Појединац и заједница у Кјеркегоровој мисли
The individual and community in Kierkegaard's thought
Committee membersMladenović, Ivan
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У раду смо поставили два главна циља: укључити се у дебату која се води око значаја појма заједнице у Кјеркегоровом делу, при чему заступамо тезу да заједница има конститутивни значај за формирање сопства, и изложити типологију односа појединца и заједнице на основу његових псеудонимних дела...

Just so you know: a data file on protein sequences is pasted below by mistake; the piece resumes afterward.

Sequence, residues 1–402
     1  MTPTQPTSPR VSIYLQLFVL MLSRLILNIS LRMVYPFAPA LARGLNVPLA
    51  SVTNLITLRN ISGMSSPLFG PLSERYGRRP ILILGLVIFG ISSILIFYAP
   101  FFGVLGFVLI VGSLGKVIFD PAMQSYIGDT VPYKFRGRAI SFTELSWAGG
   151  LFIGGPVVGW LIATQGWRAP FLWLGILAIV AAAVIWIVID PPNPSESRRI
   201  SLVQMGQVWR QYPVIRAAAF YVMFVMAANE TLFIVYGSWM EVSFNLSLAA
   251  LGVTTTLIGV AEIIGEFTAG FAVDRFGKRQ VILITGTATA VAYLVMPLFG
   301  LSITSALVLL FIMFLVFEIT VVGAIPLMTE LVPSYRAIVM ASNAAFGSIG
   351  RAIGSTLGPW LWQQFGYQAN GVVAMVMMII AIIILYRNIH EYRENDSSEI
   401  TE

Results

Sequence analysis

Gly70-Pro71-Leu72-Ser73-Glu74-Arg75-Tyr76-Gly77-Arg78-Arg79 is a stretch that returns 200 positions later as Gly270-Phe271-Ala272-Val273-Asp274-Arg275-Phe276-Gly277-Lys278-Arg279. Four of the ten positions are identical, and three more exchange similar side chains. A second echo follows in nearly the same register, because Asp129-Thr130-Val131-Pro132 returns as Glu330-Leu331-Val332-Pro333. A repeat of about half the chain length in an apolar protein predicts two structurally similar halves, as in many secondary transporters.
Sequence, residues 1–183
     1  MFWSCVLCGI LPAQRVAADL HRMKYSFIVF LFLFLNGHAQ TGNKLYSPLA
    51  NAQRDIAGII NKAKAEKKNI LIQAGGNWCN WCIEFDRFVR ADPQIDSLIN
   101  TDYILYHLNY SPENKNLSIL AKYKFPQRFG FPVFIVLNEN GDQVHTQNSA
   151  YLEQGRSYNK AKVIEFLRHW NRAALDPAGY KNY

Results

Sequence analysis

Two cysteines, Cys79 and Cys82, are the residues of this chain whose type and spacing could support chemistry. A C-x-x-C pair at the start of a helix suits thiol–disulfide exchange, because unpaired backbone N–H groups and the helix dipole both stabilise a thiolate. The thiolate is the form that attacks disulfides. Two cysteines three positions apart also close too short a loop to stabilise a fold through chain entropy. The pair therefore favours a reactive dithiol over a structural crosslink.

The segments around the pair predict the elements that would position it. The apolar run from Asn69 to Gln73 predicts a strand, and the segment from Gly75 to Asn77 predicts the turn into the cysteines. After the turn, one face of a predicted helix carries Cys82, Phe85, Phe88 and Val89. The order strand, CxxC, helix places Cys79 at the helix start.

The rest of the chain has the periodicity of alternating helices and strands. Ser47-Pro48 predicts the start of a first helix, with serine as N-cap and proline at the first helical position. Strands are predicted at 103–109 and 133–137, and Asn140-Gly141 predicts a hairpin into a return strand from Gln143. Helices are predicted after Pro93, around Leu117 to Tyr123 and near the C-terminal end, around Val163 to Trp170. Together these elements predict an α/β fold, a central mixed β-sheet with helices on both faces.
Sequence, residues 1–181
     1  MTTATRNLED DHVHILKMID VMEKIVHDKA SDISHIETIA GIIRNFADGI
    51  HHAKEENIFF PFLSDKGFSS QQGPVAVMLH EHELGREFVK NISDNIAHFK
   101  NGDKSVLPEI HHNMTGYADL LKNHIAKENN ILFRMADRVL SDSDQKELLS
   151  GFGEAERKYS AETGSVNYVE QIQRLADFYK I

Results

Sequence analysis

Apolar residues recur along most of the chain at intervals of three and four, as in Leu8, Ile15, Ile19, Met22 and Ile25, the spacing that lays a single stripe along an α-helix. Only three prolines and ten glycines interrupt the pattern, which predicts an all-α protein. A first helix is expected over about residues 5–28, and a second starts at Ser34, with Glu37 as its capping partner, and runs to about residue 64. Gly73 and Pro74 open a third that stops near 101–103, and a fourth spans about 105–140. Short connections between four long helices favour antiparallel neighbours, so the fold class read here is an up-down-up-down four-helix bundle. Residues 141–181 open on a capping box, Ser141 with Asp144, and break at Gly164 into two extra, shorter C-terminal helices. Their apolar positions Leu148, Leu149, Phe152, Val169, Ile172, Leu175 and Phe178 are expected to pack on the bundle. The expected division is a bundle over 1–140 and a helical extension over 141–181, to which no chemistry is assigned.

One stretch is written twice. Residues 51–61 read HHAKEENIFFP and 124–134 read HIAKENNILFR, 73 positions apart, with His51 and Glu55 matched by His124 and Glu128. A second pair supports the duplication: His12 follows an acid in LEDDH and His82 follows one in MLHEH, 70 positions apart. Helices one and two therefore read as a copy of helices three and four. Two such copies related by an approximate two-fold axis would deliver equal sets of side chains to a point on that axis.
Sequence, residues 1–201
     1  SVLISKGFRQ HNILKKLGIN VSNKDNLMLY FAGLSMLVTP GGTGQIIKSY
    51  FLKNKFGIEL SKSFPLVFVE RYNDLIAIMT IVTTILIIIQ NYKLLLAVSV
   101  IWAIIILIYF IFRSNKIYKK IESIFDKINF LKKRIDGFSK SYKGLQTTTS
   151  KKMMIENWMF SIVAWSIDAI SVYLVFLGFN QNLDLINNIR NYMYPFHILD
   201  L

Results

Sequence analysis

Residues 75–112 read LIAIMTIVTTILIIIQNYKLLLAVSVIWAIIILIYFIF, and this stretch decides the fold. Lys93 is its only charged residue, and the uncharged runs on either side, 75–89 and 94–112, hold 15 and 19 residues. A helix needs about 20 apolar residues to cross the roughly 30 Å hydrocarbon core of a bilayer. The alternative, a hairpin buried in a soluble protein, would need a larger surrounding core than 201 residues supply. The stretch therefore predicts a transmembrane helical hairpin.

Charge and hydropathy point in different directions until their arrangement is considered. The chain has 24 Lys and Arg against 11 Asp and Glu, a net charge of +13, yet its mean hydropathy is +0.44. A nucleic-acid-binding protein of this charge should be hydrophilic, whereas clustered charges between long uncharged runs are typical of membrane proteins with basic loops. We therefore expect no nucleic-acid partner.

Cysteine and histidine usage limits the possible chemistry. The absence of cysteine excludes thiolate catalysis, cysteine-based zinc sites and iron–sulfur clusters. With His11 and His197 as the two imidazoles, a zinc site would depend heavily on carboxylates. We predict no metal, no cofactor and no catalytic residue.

The paper has two main goals: to engage in an existing debate concerning the importance of community in Kierkegaard's work, by proposing that community has a constitutive role in formation of the self, and to expound a typology of relations between the individual and community based on Kierkegaard's pseudonymous authorship. To do that, we will start with the conception of community that can be found in Kierkegaard's works. Since Kierkegaard does not use the term „community“ as a technical term, we will use Habermas's and Matuštik's interpretation and critique of Kierkegaard as a conceptual framework. Theories of community proposed by Jean-Luc Nancy and Ferdinand Tönnies will serve to draw a line between Kierkegaard's conception of community and postmodernistic or antimodernistic conceptions. After that, we will deal with the concept of the individual, presented through the concept of the self, that has its most elaborate description in The Sickness Unto Death. By elaborating the aspect...s of the self and forms of despair based on them, we will provide the other part of the conceptual framework needed for our analysis. Following Theunissen's suggestion that forms of despair that Kierkegaard talks about actually represent stages of a process through which the individual alienates himself from his own self, we will identify various forms of despair in individuals in various existential spheres, and point to how these individuals perceive community and participate in it (if they are capable of doing that). After setting the conceptual framework, we will turn to the interpretation of the pseudonymous works. The first step in our interpretation is the analysis of the esthetic mode of existence. The basic question we will try to answer is: can there be a community of esthetic individuals? By positioning individuals that Kierkegaard describes in this existence sphere (Don Juan, Johannes Seducer, modern Antigone,...) within the context provided by the previous chapters, we will show that the aesthetic mode of existence is parasitic, passive or unrealizible, and therefore cannot serve as a principle upon which a sustainable community could be formed. Dealing with the ethical mode of existence, we will consider forms of despair that are possible on that stage, as well as two basic topics that Kierkegaard's pseudonymous authors deal with: choice of the self as a principle of action and justification, and marriage as a paradigm of community. The self is for the first time capable of forming a community based on the principles that itself exists upon: marriage, friendship, state, mankind. However, it still despairs. Although it accepts all aspects of its own self, it sees the „power that posited it“ only as a reflection of itself. The ethical self wants to be self-sufficient, desperately wants to be itself, to that point that it doesn't see the difference between its own stance and the religious one, that claims that in relation to God, we are always in the wrong. We will turn our attention to MacIntyre's thesis that „either/or“ is an insoluble choice between incommensurable positions of the aesthetic and the ethical individual. The relativity of the ethical position will be demonstrated in the chapted about the religious individual, where lines will be drawn between religiosity A and religiosity B, considered by Kierkegaard to be the only true religiosity, and presented through the character of Abraham. Religiosity A consists in projecting the ethical plane into the transcendent realm. In other words, this is the position of the ethical individual seen through the perspective of a „humorist“, i.e. an individual located between the ethical and the religious. Christian faith would belong to the second type of religiosity – paradoxal religiosity or religiosity B, characterized by accepting that the object of faith is inaccessible to knowledge. After that, we will present and criticize Merold Westphall's thesis that there exists a third type of religiosity in Kierkegaard – religiosity C. In the interlude, we will present some feminist interpretations of Kierkegaard, i.e. the place of women in his thought. We will show that his position need not be understood as misogynic; it can be seen also as an enticement to emancipation, albeit an individual emancipation of a woman (being that this is the only type of emancipation that Kierkegaard believes in). Using the examples of Thomasine Gyllembourg, Johanna Haiberg and Virgin Mary, we will point to the respect Kierkegaard has for women as individuals that have managed to realize their projects in spite of patriarchal communities they lived in. We will confront the standard feminist interpretaions that see Kierkegaard's philosophy as patriarchal and misogynous, using the defense provided by Wanda Warren Berry, and further confirm that defense with an analysis of Kierkegaard's Crisis in the Life of an Actress, a work standardly overlooked by feminist interpretations, as well as Waren Berry. After the interlude, we return to the analysis of later Kierkegaard's works, dealing with the topic of Christian love as the foundation of all forms of community. We will show the characteristics of the love for the neighbour, Kierkegaard's critique of preferential love, as well as the fact that the love for the neighbour does not exclude forma of preferential love, but only transforms and enobles them. Love towards God is realized in this world only as love towards neighbours. If our anaylises are correct, the community should play a crucial role in formation of the self in all spheres of existence. Even after the self is constituted, community os not like the Wittgensteinian ladder that we can throw away. Although from the perspective of Kierkegaard's probably most famous work, Fear and Trembling, it may seem that the authentic self is doomed to live in isolation, and incomprehensible to others, the remainder of Kierkegaard's works provide a context from which a non-antisocial interpretation is quite plausible. In the final chapter, we will, in addition to the summary of out investigation, provide opposed interpretations of the character of the complete work of Kierkegaard, provided by Bruce Kirmmse and Michael Tilley, and show that we can comprehend the significance of Kierkegaard's work only if we consider is at entirely polemical.